When disaster recovery help is needed, “Why not go now?” Wisconsin church asks
“Why not go now?” That’s what members of Grace Congregational United Church of Christ in Two Rivers, Wis., say when disaster strikes and there’s a need for hands-on recovery help. Their “go now” spirit has infused 22 mission trips, the most recent in March to UCC Disaster Ministries’ long-term recovery work site in Port Arthur, Texas.
“Why not go now?”
That’s what members of Grace Congregational United Church of Christ in Two Rivers, Wis., say when disaster strikes and there’s a need for hands-on recovery help.
Their “go now” spirit has infused 22 mission trips, the most recent in March to UCC Disaster Ministries’ long-term recovery work site in Port Arthur, Texas (pictured).
“When Hurricane Harvey struck in August, two or three members came forward and said, ‘We have to do something. Something tragic has happened to some of our brothers and sisters and how can we not respond? Let’s explore options and what the UCC has to offer,’” said the Rev. Kim Henning, Grace UCC’s pastor. “We did and were told to be patient until a work site was set up.”
The site began receiving volunteer work teams in March. Grace UCC’s one dozen youth and adult volunteers were packing for the trip, Henning said, when a member of another church “heard we were leaving and said he’d like to do something like that someday.
“One of our group said, ‘Why not now?’ He came with us and had a wonderful experience. He had so many positive things to say about Christian unity, and said the trip added to his spirituality.”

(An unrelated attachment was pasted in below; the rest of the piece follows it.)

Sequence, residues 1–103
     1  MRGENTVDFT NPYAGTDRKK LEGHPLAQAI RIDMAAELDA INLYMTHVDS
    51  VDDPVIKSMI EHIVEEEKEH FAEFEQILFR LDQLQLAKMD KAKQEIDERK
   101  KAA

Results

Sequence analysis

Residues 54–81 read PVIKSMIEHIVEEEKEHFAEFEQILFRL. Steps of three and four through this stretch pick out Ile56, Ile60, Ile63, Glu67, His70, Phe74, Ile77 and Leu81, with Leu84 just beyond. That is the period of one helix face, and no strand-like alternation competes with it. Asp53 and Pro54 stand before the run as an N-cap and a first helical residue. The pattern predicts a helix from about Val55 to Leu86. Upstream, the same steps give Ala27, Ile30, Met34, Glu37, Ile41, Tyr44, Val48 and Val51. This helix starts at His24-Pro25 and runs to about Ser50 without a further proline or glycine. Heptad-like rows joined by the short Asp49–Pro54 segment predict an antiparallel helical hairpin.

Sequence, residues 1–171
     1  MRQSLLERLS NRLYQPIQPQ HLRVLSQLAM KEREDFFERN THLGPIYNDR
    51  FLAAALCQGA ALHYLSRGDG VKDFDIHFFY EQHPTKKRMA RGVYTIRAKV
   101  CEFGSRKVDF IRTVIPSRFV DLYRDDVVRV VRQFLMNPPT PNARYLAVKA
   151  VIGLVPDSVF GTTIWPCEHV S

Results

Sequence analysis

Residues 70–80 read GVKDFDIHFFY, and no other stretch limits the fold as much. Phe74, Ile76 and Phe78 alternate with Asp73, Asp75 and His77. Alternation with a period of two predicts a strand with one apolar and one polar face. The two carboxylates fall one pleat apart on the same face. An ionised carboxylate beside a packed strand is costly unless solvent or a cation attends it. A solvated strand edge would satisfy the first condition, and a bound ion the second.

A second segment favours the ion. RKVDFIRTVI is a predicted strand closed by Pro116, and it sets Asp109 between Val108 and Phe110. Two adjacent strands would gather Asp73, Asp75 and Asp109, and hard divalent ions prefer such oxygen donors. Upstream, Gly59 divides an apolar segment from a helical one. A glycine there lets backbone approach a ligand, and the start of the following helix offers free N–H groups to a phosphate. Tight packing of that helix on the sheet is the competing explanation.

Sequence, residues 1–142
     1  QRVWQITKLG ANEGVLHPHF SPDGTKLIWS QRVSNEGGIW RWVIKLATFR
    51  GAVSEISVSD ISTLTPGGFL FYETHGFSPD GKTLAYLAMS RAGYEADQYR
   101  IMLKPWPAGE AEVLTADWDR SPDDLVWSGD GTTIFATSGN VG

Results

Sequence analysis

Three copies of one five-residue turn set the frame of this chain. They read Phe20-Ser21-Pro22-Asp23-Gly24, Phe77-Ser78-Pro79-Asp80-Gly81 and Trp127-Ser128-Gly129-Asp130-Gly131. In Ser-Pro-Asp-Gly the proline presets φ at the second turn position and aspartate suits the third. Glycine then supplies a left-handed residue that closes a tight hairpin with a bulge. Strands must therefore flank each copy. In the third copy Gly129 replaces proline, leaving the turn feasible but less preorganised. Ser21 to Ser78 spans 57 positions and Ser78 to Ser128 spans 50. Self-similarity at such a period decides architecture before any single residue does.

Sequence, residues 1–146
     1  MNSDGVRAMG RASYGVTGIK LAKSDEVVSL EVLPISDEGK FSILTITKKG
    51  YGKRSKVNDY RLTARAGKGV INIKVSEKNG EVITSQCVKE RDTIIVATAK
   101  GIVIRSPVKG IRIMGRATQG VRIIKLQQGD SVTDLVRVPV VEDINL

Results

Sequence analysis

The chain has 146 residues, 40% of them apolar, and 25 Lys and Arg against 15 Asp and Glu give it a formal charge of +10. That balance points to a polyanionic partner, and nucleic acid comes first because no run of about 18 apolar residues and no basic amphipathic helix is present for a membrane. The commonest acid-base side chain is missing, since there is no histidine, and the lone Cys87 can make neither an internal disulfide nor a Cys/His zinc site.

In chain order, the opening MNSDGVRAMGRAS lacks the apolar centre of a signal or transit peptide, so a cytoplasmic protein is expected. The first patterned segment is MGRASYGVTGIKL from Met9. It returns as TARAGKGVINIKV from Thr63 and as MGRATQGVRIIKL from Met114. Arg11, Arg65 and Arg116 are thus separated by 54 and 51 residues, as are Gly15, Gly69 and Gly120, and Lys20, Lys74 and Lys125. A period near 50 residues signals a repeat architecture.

Grace Congregational UCC, where attendance at the two Sunday services totals 200 on average, has sent multiple work teams to Appalachia, with 12 adults and 19 youth going in June. Some of the youth are from other churches. The congregation also has scheduled a work trip back to Port Arthur in February 2019.
“Our adults and youth all get a lot out of these mission trips,” Henning said. “We never have trouble recruiting adults even though it means early mornings, late nights, sleeping on cots, heat and headaches. The youth keep in touch with the adults long after the trips, phoning them from college, inviting them to their graduation parties and even their weddings.”
The bottom line, Henning said, is this: “When disaster strikes, is our concern for survivors just a good talking point, or do we take the opportunity to be the hands of Christ? We are all busy. We are all overtaxed. But when something’s important, we must make the time.”
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